When non-tenure track faculty at the Dornsife College of Letters, Arts and Sciences voted not to join the SEIU Local 721 labor union, supporters of unionization were disappointed. However, they also said they were angry at what they saw as interference with the voting process on the part of the University. After the ballots were counted in February, they brought their complaint to the National Labor Relations Board, claiming that Provost Michael Quick and Academic Senate President Ginger Clark had used threats and last-minute pay raises to convince faculty members not to unionize.
A report released by the NLRB Monday supported these objections and rendered the original Dornsife vote invalid. The ruling, issued by NLRB Hearing Officer Yaneth Palencia, found that Quick and the USC administration broke federal labor laws by attempting to dissuade adjunct faculty from voting for the union. Though the University will face no legal action, the vote results will be set aside and a new vote will take place within the coming weeks. Votes at the Roski School of Fine Arts and the USC International Academy, which voted to unionize, will remain in place.
SEIU Local 721 petitioned the case to the NLRB on behalf of Dornsife non-tenure track faculty in a hearing that took place in February, during which Palencia heard testimony from both the faculty members and the University. According to the report, SEIU alleged that Quick told faculty that joining a union might prevent them from participating in the Academic Senate, which is described by the Senate Constitution as the “representative body of the faculty at large for university wide issues.”
In the testimony, faculty recalled Quick saying at a Jan. 11 meeting that unionization “would create an adversarial relationship,” and that unionized faculty from Dornsife, Roski and the International Academy “would not be wanted on the Academic Senate.” Quick echoed these statements in emails sent throughout the months preceding the vote, in which he urged non-tenure track faculty to reconsider voting to join the union. The petitioners claimed that the language in these emails as well as in his spoken statements was threatening enough to prevent some faculty from voting.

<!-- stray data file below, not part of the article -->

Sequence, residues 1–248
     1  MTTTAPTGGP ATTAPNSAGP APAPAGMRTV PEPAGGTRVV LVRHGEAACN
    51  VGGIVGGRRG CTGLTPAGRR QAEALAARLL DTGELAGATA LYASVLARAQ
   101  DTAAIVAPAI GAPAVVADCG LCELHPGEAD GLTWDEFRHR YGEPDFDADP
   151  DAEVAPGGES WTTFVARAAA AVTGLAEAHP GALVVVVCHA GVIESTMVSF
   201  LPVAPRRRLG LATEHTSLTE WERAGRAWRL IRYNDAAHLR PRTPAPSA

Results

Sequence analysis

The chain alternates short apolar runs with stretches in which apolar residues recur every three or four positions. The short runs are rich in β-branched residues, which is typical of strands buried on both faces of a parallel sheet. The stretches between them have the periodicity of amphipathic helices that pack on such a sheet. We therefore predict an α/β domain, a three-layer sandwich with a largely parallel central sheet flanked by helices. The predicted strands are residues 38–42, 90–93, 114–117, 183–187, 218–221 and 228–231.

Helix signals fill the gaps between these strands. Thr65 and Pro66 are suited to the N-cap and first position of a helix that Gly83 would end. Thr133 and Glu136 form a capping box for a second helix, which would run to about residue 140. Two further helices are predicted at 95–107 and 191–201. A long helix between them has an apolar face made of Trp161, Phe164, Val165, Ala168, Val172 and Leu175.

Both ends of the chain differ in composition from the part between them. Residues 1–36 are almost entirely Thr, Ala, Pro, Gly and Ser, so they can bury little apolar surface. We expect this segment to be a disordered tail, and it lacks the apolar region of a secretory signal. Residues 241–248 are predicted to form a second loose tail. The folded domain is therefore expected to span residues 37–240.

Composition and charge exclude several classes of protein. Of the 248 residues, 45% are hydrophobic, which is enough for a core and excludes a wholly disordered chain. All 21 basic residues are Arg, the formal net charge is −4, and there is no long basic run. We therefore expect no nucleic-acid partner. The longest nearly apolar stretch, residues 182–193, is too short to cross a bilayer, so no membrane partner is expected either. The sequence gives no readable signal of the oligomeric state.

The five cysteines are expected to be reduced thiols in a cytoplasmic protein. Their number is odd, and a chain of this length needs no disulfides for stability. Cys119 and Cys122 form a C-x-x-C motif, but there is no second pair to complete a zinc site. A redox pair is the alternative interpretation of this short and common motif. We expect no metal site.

Petitioners also objected to Clark’s attempt to remedy faculty grievances prior to the vote as a way to convince faculty that unionization was unnecessary, a claim that Palencia rejected in the report. However, she sustained faculty objections to pay increases that Quick introduced as little as a week prior to the vote, writing that these actions in conjunction with the threats to faculty governance were enough to render the vote invalid.
“Provost Quick engaged in conduct that was so aggravated as to create a general atmosphere of fear making a free election impossible,” Palencia wrote in the report.
The ruling was met with praise from SEIU Local 721 President Bob Schoonover, who wrote that the findings “make it abundantly clear” that the actions of the university administration would have consequences.
“If you engage in illegal union-busting tactics we will hold you accountable,” Schoonover said in a press release.
The University, however, has denied the allegations that it threatened to remove unionized faculty from participating in the Academic Senate. Instead, it claims that Quick’s statements on the matter were simply meant to show that SEIU, and not the University, would be in charge of faculty governance if unionization were to take place. In a letter sent to faculty on Wednesday, Quick wrote that he is a “strong supporter of faculty governance” and that he never meant to dissuade anyone from voting.
“I believe that the initial vote — the will of the majority — should be respected,” Quick wrote in the letter. “I also know that a re-vote would be burdensome. But should a re-vote occur, I hope all Dornsife teaching faculty will turn out for this important vote.”
Some faculty members, however, believe that it may be too late to unionize. Andrea Parra, an associate professor of Spanish in the department of Spanish and Portuguese and a strong supporter of joining the union, said that she is hopeful that the results will be different this time around, but that nothing is guaranteed.
“I think the whole back and forth has turned people off to the issue,” Parra said. “I’m hopeful that more people will turn out, but it’s hard for me [to know]. I don’t have the crystal ball.”